2. Does it matter? We are all in the hypothetical here, why would being “right” about the searcher’s intent even matter? It’s likely multiple searchers anyway if it’s showing up as a common search term in the stats. Helen, I thought your perspective was great, thanks.

    2. I am always stark horrified when I run into one of those couples.

      Like, I recently went on a research trip for almost 3 weeks and worried not one single bit about whether my kids were being cared for adequately because why would I? They were with their dad!

      And yet, this is clearly untrue enough of many a male parent that it’s an actual worry for a lot of women. Whhaaaaaat.

      1. I think pop culture plays into it a lot with those couples– just about any TV couple you see, the man is going to have no ability to take care of children. There’s a reason “men were suddenly abandoned with baby” is a Standard Comedy Trope. (This is actually why I think “Home Improvement” had one of the better marriages on television– it was shown repeatedly that while Tim wasn’t quite as on top of things as Jill was, he was a competent parent, and if the kids were left alone with him things might be a little more chaotic but would be otherwise fine.)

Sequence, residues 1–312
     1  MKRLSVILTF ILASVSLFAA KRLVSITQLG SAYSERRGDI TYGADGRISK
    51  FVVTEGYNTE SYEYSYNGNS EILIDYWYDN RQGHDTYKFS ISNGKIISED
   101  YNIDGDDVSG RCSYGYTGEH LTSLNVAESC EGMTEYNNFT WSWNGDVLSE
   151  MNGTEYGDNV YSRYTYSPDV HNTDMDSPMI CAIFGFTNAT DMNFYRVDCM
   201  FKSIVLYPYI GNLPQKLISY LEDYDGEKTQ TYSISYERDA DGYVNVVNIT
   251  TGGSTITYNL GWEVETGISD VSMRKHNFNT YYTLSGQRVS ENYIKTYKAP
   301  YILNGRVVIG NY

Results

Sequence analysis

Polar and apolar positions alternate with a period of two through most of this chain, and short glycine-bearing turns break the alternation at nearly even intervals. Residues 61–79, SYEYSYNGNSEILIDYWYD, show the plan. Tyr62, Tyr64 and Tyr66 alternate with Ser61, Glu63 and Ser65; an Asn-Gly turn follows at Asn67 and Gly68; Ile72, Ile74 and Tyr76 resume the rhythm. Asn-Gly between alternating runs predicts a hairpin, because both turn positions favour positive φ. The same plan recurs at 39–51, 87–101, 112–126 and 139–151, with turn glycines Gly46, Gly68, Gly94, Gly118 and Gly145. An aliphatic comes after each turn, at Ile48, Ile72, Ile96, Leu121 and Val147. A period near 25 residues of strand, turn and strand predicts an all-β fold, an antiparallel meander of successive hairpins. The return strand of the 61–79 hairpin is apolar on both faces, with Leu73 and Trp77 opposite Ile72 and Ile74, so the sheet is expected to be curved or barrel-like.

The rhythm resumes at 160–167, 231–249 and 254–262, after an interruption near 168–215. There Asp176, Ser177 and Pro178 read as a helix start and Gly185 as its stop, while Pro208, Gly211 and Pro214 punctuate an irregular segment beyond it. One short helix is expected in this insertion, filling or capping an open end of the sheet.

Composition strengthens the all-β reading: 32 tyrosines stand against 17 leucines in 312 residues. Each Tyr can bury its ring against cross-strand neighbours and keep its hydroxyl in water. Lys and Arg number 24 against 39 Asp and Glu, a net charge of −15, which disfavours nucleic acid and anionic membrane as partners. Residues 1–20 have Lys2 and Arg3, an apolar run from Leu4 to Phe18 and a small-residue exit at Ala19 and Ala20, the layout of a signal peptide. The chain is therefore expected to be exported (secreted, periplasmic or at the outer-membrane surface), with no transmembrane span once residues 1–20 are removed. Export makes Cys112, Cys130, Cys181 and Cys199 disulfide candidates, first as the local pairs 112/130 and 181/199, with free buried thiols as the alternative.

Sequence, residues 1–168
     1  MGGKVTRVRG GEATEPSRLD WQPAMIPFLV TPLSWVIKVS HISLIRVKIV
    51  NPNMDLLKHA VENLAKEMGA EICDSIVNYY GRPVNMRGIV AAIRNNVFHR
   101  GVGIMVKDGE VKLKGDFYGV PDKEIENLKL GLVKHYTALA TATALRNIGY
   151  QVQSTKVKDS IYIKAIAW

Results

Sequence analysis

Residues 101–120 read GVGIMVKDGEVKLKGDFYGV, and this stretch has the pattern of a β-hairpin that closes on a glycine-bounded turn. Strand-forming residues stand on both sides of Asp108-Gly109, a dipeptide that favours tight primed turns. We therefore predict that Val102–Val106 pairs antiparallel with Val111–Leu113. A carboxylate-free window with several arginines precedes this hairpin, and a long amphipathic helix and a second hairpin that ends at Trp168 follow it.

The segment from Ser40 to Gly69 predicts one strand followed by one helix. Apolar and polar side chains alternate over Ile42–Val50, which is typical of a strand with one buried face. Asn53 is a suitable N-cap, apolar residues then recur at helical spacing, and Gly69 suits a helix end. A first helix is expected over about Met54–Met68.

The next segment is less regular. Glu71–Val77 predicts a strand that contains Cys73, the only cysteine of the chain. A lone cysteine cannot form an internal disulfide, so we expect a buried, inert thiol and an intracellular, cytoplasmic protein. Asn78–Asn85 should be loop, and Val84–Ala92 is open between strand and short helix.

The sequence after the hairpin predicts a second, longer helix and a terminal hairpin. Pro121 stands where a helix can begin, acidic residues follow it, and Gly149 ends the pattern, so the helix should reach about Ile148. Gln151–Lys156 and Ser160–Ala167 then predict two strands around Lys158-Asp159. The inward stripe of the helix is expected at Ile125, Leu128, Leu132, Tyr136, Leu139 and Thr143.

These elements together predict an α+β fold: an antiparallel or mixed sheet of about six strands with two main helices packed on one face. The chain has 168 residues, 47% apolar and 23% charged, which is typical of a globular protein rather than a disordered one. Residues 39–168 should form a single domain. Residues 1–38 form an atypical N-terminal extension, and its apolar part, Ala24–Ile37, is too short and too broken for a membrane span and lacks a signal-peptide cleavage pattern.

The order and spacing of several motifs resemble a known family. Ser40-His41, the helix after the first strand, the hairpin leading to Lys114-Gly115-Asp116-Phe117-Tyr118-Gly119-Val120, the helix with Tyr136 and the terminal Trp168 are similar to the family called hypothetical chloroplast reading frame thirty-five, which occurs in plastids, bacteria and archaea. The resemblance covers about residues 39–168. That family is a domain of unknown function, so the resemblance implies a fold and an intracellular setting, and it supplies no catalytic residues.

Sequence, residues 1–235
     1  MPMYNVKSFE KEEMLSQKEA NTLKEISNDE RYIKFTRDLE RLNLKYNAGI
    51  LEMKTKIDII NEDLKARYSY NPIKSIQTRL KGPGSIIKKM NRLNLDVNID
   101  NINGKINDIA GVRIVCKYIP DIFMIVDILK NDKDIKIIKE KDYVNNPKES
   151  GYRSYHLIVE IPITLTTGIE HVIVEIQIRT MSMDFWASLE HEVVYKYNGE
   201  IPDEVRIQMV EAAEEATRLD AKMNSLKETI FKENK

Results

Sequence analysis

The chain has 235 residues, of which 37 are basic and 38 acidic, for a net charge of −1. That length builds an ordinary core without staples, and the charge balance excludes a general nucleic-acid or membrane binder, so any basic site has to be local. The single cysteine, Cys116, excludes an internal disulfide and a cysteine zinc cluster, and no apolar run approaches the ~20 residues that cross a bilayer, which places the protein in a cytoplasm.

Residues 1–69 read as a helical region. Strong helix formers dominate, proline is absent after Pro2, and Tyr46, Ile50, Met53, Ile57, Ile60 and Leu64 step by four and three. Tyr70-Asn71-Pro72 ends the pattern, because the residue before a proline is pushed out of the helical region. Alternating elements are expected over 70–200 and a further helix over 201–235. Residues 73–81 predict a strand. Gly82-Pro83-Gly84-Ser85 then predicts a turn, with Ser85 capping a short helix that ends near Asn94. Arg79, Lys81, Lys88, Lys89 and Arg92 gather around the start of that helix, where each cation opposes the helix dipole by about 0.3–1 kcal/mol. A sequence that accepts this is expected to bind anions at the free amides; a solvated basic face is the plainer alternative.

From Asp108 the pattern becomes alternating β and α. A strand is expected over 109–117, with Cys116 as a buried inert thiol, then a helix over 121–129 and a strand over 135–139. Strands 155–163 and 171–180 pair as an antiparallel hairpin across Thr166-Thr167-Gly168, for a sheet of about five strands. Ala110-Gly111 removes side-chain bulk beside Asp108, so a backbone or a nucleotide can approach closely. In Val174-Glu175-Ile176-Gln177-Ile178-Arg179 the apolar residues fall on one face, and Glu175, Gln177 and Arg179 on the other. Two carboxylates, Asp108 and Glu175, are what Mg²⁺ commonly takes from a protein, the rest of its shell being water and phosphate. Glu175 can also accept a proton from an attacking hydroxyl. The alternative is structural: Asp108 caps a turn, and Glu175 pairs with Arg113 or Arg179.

And I shudder to think what would have happened to me if my mother had been the parent whose job required travel. I don’t think I was ever left alone with my father for prolonged periods of time until I was old enough to fend for myself and to some extent for him as well.

        1. Yes, that and those awful “moms know…” “moms can….” “moms want”… in that smiley, fakey voice. Every time I see one of those, I yell at the TV, “Right, because all DADS are for shit and can’t do anything right!”